- Japanese Rice: Because of its high proportion of starch and moisture content, Japanese rice is characteristically clingy and sticky and it is this unique stickiness that makes good sushi and defines the character of Japanese cuisine. In Japanese cooking you will find 2 basic forms of rice, both considered short-grain cultivars of Japonica rice. The first is uruchimai, known as the Japanese short-grain rice or ordinary rice or Japanese rice. This is used to make sushi, rice balls and everyday Japanese dishes and also to make sake and rice vinegar. The second is mochigome, known as Japanese sweet rice or glutinous rice. It is commonly used to make mochi rice cakes or traditional wagashi sweets. Mochigome is much stickier, chewier and glutinous than uruchimai. Although both are characterized by their sticky texture, they are used differently and are not interchangeable.
- Parboiled Rice: it‘s processed differently from other types of rice. The hull is left on as it is soaked and steamed, and then it is dried. Once the hulls are removed the rice is ready to consume. Cooked, either by boiling or steaming, it is dry with a firm texture. The grains absorb more nutrients because the hull is left on for longer during processing compared to regular white rice.
- Wild Rice: it’s not actually rice (even though it looks, cooks, and behaves just like rice). This variety is actually the seed from a type of marsh grass. In fact, it contains more antioxidants than actual rice and apparently may help improve heart health and lower the risk of diabetes. Once cooked it has a fluffy texture but tastes more rustic and earthy than actual rice.
What’s the right ratio of water-to-rice?
The ratio is typically 1 part rice to 1 ½ or 2 parts water, depending on the variety of rice. Long grain requires more water, medium grain needs slightly less and short-grain requires the least but in many recipes, it is often soaked for several hours in cold water and then steamed, not simmered in water.
How long does it take to cook rice?
Timing is dependent on the shape, quantity, and type of rice. White rice cooks more quickly than brown one because the outer fibrous bran layer will have been removed in the milling process. It takes usually 15 to 25 minutes for white rice, and 30 minutes or more for wild and/or black or red rice to cook. Most sticky rice requires soaking in cool water and then steaming for 30 to 45 minutes.
How much does dry rice yield once cooked?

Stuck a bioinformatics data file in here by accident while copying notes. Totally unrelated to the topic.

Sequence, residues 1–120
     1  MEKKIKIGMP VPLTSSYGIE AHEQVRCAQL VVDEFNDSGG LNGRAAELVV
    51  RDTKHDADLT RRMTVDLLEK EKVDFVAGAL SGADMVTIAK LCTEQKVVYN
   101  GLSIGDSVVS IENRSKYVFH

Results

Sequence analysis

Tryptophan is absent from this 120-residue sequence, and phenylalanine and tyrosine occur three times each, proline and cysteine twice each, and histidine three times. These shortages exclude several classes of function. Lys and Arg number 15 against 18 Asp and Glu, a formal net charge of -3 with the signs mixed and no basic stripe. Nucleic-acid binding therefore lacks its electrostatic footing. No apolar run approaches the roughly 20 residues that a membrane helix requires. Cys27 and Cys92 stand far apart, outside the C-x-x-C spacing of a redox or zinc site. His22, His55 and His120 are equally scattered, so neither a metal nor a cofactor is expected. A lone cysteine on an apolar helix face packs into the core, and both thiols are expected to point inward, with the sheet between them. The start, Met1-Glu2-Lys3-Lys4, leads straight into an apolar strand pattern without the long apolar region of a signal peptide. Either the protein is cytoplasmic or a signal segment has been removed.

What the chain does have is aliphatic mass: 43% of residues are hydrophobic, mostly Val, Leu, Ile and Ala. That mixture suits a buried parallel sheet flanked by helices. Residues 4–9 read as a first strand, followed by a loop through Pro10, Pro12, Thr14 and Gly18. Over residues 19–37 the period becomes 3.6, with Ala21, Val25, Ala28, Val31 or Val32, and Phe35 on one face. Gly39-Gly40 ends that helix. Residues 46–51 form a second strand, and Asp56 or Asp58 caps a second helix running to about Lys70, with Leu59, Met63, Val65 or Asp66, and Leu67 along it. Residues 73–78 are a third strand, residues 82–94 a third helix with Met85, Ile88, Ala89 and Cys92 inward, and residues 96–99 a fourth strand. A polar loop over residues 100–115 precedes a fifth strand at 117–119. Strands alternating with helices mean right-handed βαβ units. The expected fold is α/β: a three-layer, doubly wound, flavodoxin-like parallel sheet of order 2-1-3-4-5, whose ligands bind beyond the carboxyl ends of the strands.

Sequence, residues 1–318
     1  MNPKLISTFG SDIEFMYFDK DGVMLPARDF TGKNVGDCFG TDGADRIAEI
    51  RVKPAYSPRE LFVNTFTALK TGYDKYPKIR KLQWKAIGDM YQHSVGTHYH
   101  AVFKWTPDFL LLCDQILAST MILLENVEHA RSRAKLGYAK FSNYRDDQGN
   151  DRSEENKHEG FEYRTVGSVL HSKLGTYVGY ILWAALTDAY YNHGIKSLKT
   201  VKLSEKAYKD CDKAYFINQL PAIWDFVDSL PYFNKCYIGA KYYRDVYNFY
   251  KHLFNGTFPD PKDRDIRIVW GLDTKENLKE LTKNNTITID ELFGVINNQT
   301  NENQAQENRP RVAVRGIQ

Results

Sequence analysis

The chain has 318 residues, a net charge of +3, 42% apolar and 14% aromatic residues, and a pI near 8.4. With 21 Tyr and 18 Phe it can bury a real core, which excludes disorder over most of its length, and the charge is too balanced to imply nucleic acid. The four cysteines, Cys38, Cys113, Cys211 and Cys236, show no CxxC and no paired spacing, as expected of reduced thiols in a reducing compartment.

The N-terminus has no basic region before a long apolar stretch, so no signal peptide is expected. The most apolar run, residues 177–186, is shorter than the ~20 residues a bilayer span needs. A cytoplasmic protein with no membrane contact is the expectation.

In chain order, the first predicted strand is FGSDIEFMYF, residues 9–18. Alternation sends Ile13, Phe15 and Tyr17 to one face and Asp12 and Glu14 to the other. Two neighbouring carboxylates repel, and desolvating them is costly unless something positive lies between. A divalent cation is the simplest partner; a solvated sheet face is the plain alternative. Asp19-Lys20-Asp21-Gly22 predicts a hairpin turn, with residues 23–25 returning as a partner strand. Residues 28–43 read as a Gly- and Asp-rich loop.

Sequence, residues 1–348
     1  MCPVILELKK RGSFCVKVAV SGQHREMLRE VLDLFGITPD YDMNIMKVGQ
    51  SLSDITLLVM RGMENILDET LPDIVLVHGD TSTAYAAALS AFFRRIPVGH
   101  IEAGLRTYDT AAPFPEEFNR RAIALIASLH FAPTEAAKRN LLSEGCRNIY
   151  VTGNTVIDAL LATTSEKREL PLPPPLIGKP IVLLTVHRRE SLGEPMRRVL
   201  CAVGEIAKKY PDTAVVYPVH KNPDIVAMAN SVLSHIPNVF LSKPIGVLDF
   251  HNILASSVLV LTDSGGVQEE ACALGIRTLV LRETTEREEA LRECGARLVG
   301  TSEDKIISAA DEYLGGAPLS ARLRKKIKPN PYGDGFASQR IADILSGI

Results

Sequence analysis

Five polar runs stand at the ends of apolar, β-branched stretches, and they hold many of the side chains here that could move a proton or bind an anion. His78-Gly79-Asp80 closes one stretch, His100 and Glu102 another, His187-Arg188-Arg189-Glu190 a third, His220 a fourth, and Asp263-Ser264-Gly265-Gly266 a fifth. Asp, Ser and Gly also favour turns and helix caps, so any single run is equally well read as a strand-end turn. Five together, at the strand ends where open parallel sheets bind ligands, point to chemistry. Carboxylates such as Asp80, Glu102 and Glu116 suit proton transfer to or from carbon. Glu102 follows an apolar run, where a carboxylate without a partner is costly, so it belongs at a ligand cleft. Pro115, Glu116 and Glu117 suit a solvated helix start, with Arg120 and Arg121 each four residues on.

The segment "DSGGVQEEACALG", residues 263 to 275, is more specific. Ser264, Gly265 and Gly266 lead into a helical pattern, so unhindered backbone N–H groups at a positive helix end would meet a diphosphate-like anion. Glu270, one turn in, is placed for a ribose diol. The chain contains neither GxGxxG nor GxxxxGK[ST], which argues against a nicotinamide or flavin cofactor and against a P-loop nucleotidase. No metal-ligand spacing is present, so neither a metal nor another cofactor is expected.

Dry rice can typically swell to around three times its size. One cup of dried rice should yield about 3 cups of cooked rice.
If you want to preserve as much nutrition as possible, don’t cook your rice with excess water: when you strain it, you’ll also strain away many of the nutrients. Also, note that rinsing your rice first can help you wash away any extra starch, preventing unwanted clumping.
Do you know? Rice has an ancient and far-flung history, originating in China as far back as the first millennium B.C. according to some historians. From there it would appear that nomads and other travellers to Southern India and Asia Minor carried away this simple grain and set it on its way around the world. Many believe that Alexander the Great first brought rice back to the Mediterranean after his invasion of India in the 4th century B.C. But it wasn’t really until the Middle Ages that rice had any real impact in the Mediterranean when it began to be planted in Egypt, Sicily and Spain. Eventually, it was introduced to Lombardy and other areas of northern Italy where it found the perfect climate to flourish.
Torta Di Riso or Sweet Risotto Cake – Serves 6 to 8
The Sweet Risotto Cake is a typical dessert of Emilia Romagna, a region rich in gastronomic delicacies. Deliciously eggy and sweet, it seems that the spread of rice cakes is due to the “mondine”, the young women of the peasant families who in the early 1900s went to the rice paddies of northern Italy for seasonal work. The compensation of these girls consisted, in fact, not only of money but also of 1 kg of rice for each day of work. Hence the spread of rice throughout the region, which was then reused for the preparation of desserts.
- 150 g risotto or pudding rice
- 1 ¼ litre full-fat milk
- Butter for greasing
- 2 tbsp fine semolina
- 8 large free-range eggs
- 250 g caster sugar
- 3 tbsp brandy
- Juice and grated zest of 1 unwaxed lemon
- 3 tbsp pine kernels
- 3 tbsp chopped candied lemon or orange peel
- Put the rice and about two thirds of the milk into a saucepan. Boil slowly for 10 to 15 minutes, then leave to stand until cool for at least 30 minutes. Drain and reserve the boiled milk.
- Butter the cake tin thoroughly, and then sprinkle with the semolina. (Do not use a loose-bottomed tin, or all the liquid will all ooze away.) Turn the cake tin upside down to remove any loose semolina and discard.
- Pre-heat the oven to Gas mark 4/350 F/180 C.
- Beat all the eggs in a large bowl until foaming and pale yellow. Add the sugar gradually, beating constantly, and then add the brandy, the lemon juice and zest, the pine kernels and the candied peel. Stir thoroughly and then add the boiled rice and all the reserved boiled milk and the remaining 1/3 of the milk.
- Pour into the cake tin. Bake for about 50 minutes, or until a wooden skewer inserted into the centre comes out clean. The cake should be set and golden brown. Serve warm or cold.